Alberta’s Information and Privacy Commissioner is fast-tracking an investigation into whether a candidate for the leadership of the governing Progressive Conservative Party broke the law by destroying documents and using government e-mail accounts under different names.
The investigation into Ted Morton’s time as minister of finance and sustainable resource development follows a CBC report that Mr. Morton’s staff deleted e-mails and shredded “all” ministry documents when he left the portfolio.
It also revealed he used two government e-mail addresses – one with the name Ted Morton and one under “Frederick Lee,” his first and second name. Mr. Morton, a former professor, is usually known as “Ted,” but uses “F.L.” in his academic work. A one-time employee who was fired and is now in a labour board dispute with the province told the CBC that Mr. Morton sent e-mails as Frederick Lee when he “didn’t want people to know it was him doing the writing.”
The story dominated the local news, but Mr. Morton’s campaign shrugged it off, saying the destroyed documents weren’t important. “You’re leaving an office, so yeah, you clean out the place,” campaign manager Sam Armstrong said. “I don’t think there’s a story here.”
It’s also common for politicians to have government e-mail addresses for public correspondence and for office work, and Mr. Morton has made no secret of his given name. Federal MPs are allotted several e-mails each for interoffice communication, and even Premier Ed Stelmach went to bat for Mr. Morton (the two men have often clashed), saying he, too, uses a private government e-mail to correspond with office staff.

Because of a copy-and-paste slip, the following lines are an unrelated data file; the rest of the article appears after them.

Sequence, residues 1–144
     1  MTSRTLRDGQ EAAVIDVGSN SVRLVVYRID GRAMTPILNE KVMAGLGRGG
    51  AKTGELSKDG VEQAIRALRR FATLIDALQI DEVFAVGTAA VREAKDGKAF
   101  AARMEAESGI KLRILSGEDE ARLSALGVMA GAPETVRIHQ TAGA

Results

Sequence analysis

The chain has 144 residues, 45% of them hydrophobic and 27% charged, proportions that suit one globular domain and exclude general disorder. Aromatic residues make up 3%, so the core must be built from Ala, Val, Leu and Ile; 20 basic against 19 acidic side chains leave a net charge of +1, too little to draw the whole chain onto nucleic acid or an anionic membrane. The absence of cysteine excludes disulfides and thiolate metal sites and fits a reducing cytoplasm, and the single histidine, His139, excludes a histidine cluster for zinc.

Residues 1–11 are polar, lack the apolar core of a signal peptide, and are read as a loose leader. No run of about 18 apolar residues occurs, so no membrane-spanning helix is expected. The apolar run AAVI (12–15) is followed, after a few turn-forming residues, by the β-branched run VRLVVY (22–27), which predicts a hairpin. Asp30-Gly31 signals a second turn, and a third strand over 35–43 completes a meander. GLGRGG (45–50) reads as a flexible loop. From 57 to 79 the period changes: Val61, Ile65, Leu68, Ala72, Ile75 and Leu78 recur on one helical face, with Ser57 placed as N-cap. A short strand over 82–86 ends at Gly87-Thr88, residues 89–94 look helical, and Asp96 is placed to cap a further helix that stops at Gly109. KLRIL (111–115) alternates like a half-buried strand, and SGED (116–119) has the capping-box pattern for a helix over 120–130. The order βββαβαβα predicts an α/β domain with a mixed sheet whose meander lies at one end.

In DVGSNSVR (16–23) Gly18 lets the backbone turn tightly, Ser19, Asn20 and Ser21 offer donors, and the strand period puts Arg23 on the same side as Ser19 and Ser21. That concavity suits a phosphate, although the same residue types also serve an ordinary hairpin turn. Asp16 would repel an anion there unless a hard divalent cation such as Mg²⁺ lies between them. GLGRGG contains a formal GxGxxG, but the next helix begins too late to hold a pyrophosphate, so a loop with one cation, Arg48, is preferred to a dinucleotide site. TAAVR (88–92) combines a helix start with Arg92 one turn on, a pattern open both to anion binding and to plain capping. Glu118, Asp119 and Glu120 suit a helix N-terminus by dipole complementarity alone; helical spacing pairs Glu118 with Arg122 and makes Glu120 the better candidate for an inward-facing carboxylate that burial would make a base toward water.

“He gets thousands of e-mails a day. It would render his BlackBerry ineffective as any kind of tool to do work [if he had only one address]” said Cam Hantiuk, Mr. Stelmach’s spokesman.
Nonetheless, the office of Information and Privacy Commissioner Frank Work will investigate. However, Mr. Work is out of the country, and the first leadership ballot is on Sept. 17. Wayne Wood, a spokesman for Mr. Work’s office, said the investigation will be accelerated, but won’t finish before the first vote.
It will address two main questions: Whether using the Frederick Lee e-mail address would have allowed Mr. Morton to circumvent the Freedom of Information and Protection of Privacy Act (FOIP), and whether any documents or e-mails were illegally destroyed.
However, it’s not clear whether the Frederick Lee e-mails would have been available to the public. The FOIP Act was written in 1995 and says any “record” created by or for a member of executive council or an MLA isn’t subject to a search. The wording does not indicate whether this includes e-mails. However, a government spokeswoman said on Thursday an e-mail is considered a record under the FOIP Act.
Two of the other five leadership candidates, Doug Horner and Alison Redford, served in cabinet until the race began. Both say they worked with only their constituency and government e-mails and used their full names. Former cabinet minister Gary Mar, also a leadership candidate, didn’t comment. A spokesman said he had only one e-mail address.
When she left her post as justice minister, Ms. Redford said, she didn’t clean out documents or e-mail.
“I did not touch my documents, I did not direct that they go anywhere, I did not direct anything be done with them – nothing,” Ms. Redford said.
With a report from Dawn Walton in Calgary